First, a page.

The legacy of Hamilton punk pioneers Teenage Head continues to grow. Warner Music Canada is releasing "Fun Comes Fast," a remastered 20-song compilation spanning the group's 40-year career. It will be available Friday, Nov. 24, for download, as a single CD or a special pink vinyl double album. "Warner has done a really nice job on this, a lot of care has gone into it," says Teenage Head bassist and cofounder Steve Mahon.
There's a place where all great jazz musicians aspire to be. It's a place where the rule books are left behind, where written charts are replaced by feel and swing, pushing old standards into untested territory. Some call it being "in the moment." It's a place Diana Krall knows well. She heard it as a teenager when her early mentor, the late Hamilton-based jazz trombonist Dave McMurdo, gave her a Bill Evans record to play.
Buffy Sainte-Marie remains very much a protest singer, although she's a bit uncomfortable with the word "protest." She prefers to call her work "activist" songs. At 76, she's still railing against the injustices of the world — war, poverty, greed and racism. All those themes can be found on her latest album "Medicine Songs," a mix of new compositions with some updated and re-recorded versions of old favourites, like "Universal Soldier" and "Bury My Heart at Wounded Knee."
Muck Rack makes it simple to find people, tweets, or articles that mention any name, keyword, company, hashtag etc. We've compiled this guide to help you make the most of your search.
Selecting a term
Start searching tweets, articles from media outlets, articles mentioned in tweets, journalists'
names, titles and bios with some suggested searches:
Companies or Topics (e.g. iPhone, Microsoft)
Phrases (e.g. "cloud computing") — use quotes to keep the terms together
Twitter handles (e.g. @username) — returns those who have mentioned or replied to
Names (e.g. "David Pogue")
Hashtags (e.g. #sxsw, #london2012)
Bio details (e.g. vegan, Olympics, father)
Muck Rack's Advanced Search allows for many boolean operators.
Find results that mention multiple specified terms, use AND or
+. For example, ensure each result contains both Elon Musk and Mark Zuckerberg by
searching Musk AND Zuckerberg or Musk + Zuckerberg.
Use the operators OR or , to broaden your search when you'd like either of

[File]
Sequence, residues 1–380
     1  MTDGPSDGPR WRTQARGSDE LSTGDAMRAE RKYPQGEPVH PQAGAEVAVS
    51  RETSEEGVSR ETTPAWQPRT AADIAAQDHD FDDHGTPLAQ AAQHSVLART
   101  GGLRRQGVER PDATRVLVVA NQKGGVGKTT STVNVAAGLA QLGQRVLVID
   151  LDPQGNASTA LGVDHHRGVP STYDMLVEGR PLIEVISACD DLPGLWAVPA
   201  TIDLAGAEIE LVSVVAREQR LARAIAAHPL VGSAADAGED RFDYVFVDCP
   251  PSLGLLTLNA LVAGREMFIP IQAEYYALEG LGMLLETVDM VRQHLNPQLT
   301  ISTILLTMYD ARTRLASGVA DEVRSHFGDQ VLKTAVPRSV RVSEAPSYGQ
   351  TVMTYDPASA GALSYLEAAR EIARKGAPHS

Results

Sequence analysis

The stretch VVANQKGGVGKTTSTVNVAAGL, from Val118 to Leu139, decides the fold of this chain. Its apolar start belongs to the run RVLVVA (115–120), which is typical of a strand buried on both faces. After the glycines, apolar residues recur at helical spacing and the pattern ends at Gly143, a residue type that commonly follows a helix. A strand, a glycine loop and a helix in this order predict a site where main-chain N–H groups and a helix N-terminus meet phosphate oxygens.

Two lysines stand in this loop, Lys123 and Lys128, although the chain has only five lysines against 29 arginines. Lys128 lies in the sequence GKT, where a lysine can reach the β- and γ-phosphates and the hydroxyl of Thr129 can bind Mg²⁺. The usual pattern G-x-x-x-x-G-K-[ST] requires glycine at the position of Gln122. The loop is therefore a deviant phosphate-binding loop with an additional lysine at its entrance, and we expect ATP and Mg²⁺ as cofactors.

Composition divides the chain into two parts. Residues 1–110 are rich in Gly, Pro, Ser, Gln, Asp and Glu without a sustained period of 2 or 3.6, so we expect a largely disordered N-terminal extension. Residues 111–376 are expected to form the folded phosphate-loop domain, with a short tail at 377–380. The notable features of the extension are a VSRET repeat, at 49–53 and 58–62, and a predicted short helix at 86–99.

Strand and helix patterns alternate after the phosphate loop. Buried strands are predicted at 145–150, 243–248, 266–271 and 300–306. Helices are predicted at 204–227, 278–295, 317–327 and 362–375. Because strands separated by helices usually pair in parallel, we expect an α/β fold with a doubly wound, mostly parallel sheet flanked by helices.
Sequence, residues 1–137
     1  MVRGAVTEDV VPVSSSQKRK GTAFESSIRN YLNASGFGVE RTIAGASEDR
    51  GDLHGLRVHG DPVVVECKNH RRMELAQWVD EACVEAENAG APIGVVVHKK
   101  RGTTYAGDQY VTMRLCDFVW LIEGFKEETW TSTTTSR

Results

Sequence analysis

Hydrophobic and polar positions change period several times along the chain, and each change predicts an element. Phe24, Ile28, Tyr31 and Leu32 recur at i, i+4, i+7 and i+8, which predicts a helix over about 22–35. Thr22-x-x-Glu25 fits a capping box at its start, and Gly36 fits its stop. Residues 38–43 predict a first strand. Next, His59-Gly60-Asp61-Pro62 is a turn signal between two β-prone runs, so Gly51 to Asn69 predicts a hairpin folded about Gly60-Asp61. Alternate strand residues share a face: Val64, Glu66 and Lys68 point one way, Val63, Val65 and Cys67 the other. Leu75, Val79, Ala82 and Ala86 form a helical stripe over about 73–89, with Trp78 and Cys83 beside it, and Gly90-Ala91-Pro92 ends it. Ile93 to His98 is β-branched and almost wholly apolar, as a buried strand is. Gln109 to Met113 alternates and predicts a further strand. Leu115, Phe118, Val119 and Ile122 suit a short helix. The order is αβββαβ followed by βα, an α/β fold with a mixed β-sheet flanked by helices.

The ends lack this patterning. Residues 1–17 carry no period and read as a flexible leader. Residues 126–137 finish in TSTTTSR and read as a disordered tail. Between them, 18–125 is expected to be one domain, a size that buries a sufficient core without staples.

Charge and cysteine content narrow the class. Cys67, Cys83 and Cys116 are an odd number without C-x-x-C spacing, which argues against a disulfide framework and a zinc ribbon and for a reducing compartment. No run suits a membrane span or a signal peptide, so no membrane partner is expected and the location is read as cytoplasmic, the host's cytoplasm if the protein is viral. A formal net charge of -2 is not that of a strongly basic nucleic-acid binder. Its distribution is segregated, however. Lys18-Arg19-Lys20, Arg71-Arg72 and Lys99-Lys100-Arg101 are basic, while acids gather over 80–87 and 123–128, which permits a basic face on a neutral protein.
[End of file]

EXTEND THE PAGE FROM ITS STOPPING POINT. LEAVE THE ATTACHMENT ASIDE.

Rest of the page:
multiple terms to appear in results. (This is the default behavior of our search when no operators
are used). For example, results will contain either cake or cookie by searching cake OR cookie or cake,cookie
Use NOT or - to subtract results from your search. For
example, searching Disney will yield results about the Walt Disney Company as well as Walt Disney
World Resort. To exclude mentions of Disney World, search for Disney -World or Disney
When using one of these operators with a phrase, enclose it in quotation marks. For example, you can
find results about smartphones excluding Apple's iPhone 4S by searching smartphone -"iPhone
Exact case matching or punctuation
If you're searching for a brand name or keyword that relies on specific punctuation marks or capitalization, you can
find results that match your exact query by adding matchcase: before the keyword you're searching for, like matchcase:E*TRADE .
Use parentheses to separate multiple
boolean phrases. For example, to find journalists talking about having fun in Disney World or
Disneyland, search for ("disney world" OR disneyland) AND fun.
An asterisk can be used to search for any variation of a root word truncated by the asterisk. For example, searching for admin* will return results for administrator, administration, administer, administered, etc.
A near operator is an AND operator where you can control the distance between the words. You can vary the distance the near operation uses by adding a forward slash and number (between 0-99) such as strawberries NEAR/10 "whipped cream", which means the strawberries must exist within 10 words of "whipped cream".